Saturday, May 14, 2011

Is Burbank's Lack of Government Transparency Related to Nepotism?

Earlier this month we wrote about the city of Burbank's refusal to comply with the Burbank Leader's request for records on automatic bonuses awarded to city employees. At the time, we were just making fun of Burbank's government, which denied the request on the grounds that it would have to share data on performance evaluatons as well. After all, aren't the feelings of the city's least competent workers more important than informing the public on how Burbank spends money, particularly when it has an $8.7 million budget gap?

Burbank government: even sillier than an Animaniacs sketch.
Well, yesterday the Leader reported on the uncomfortable response the city's Civil Service Board is getting to its proposal to eliminate nepotism in city hiring. As it stands now, the commission's policy would prohibit City Council members and the city manager from hiring family members to city government posts; the policy could be extended to department heads as well, though it will not affect existing employees. Yet resistance to the proposal is already coming from no less than Burbank's Mayor, Jesse Talamantes, who doesn't want to "close the door to any family members". Says the Mayor: "Shame on me, I guess, because I decided to run for City Council, and then my children cannot work where their dad worked and the city he now represents". To Talamantes, this is all about "the family concept in the city of Burbank".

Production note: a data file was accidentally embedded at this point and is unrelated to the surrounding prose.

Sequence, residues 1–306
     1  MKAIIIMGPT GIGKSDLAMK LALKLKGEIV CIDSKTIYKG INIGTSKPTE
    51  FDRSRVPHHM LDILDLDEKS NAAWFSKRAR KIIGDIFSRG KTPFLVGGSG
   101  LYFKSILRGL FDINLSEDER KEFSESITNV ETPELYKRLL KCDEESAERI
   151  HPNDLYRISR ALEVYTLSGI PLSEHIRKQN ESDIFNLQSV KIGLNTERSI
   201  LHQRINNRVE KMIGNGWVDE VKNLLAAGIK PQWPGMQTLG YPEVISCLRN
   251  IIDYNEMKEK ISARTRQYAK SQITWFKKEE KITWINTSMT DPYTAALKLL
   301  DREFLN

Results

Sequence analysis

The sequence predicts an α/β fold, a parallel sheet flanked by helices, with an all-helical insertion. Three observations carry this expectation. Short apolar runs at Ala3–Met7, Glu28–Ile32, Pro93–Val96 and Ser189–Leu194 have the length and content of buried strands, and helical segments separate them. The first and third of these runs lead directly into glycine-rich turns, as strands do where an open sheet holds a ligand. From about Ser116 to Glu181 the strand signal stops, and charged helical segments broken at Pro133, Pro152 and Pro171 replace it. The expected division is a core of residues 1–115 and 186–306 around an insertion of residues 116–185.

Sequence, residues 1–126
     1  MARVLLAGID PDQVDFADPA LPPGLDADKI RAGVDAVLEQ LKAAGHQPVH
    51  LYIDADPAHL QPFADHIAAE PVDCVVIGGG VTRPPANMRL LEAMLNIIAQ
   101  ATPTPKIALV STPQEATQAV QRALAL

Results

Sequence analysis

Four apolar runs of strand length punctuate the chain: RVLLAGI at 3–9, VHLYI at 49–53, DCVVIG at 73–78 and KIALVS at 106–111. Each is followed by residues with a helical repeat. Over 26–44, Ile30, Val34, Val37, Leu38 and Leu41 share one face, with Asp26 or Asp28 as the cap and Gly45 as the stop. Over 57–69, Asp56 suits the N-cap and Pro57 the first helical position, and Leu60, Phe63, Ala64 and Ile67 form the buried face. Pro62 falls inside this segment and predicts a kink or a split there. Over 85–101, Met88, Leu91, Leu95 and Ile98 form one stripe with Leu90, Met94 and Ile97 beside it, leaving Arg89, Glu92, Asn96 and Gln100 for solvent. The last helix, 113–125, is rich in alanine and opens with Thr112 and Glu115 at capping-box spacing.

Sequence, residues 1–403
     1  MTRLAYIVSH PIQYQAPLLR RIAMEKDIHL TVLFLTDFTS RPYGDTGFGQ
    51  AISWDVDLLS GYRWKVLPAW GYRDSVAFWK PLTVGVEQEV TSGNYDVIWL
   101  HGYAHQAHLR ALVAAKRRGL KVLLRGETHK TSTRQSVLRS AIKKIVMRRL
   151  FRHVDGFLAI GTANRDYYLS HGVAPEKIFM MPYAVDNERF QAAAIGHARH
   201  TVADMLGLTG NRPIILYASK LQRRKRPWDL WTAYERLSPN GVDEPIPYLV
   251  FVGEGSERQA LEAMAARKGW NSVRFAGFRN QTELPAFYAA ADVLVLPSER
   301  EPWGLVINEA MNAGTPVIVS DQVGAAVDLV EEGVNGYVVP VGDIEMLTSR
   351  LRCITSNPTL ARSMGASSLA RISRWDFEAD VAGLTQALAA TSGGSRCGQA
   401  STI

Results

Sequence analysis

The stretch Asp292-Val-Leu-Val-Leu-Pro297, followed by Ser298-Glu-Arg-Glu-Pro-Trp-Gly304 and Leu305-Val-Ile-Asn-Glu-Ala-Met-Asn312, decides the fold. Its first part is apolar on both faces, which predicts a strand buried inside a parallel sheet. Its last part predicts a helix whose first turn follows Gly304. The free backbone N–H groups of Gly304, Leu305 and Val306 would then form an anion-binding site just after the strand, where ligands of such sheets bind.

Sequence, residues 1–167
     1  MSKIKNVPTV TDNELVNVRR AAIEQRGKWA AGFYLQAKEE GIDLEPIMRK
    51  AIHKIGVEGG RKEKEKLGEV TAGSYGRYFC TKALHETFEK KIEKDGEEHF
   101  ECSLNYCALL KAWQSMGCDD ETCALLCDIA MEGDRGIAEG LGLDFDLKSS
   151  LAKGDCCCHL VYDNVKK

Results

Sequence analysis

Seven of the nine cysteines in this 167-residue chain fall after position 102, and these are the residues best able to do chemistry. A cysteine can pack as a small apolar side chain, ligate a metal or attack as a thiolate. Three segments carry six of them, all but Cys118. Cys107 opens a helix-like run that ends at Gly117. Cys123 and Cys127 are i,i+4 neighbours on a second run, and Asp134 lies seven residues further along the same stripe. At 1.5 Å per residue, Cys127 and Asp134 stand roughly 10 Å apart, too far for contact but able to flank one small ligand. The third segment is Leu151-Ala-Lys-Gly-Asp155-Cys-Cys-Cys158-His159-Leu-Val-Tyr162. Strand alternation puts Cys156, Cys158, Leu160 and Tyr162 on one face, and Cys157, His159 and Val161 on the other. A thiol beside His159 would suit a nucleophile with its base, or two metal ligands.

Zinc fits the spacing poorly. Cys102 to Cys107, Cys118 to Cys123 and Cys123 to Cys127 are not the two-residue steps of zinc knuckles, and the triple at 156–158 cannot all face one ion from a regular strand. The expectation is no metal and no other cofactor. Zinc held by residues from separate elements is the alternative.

By itself, that should be alarming to anyone who believes governments behave badly without careful scrutiny. (This is LA County, after all.) Does Burbank's mayor really not get that personal relationships often cloud the judgment of high-ranking government officials? Or that people who disagree with him politically might be scared to death by the "family concept" in government? We'll leave those as rhetorical questions, and raise another one: what if the automatic-bonuses story is related to the nepotism policy? In other words, what if Burbank is stalling on making bonus information public because doing so would shine a light on a serious nepotism problem within the city's government? Inquiring minds, surely, will want to know.

(UPDATE: The LA Times reported on May 22nd that an LA County Superior Court Judge has ruled that Burbank must disclose information on individual bonuses.)


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